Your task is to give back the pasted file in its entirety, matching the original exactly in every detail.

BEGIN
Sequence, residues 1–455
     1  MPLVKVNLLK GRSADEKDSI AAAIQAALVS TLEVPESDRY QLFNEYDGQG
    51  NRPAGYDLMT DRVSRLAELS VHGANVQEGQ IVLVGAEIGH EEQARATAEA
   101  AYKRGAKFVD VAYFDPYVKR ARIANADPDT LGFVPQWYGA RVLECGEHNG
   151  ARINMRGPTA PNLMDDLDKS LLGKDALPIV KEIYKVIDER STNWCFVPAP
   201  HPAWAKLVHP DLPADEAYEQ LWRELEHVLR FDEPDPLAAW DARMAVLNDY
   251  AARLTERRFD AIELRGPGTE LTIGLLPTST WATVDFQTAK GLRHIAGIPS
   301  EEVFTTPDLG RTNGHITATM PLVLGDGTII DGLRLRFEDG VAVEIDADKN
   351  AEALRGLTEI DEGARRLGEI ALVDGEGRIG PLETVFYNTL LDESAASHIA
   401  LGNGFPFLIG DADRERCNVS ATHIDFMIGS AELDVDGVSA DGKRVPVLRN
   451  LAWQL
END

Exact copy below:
Sequence, residues 1–455
     1  MPLVKVNLLK GRSADEKDSI AAAIQAALVS TLEVPESDRY QLFNEYDGQG
    51  NRPAGYDLMT DRVSRLAELS VHGANVQEGQ IVLVGAEIGH EEQARATAEA
   101  AYKRGAKFVD VAYFDPYVKR ARIANADPDT LGFVPQWYGA RVLECGEHNG
   151  ARINMRGPTA PNLMDDLDKS LLGKDALPIV KEIYKVIDER STNWCFVPAP
   201  HPAWAKLVHP DLPADEAYEQ LWRELEHVLR FDEPDPLAAW DARMAVLNDY
   251  AARLTERRFD AIELRGPGTE LTIGLLPTST WATVDFQTAK GLRHIAGIPS
   301  EEVFTTPDLG RTNGHITATM PLVLGDGTII DGLRLRFEDG VAVEIDADKN
   351  AEALRGLTEI DEGARRLGEI ALVDGEGRIG PLETVFYNTL LDESAASHIA
   401  LGNGFPFLIG DADRERCNVS ATHIDFMIGS AELDVDGVSA DGKRVPVLRN
   451  LAWQL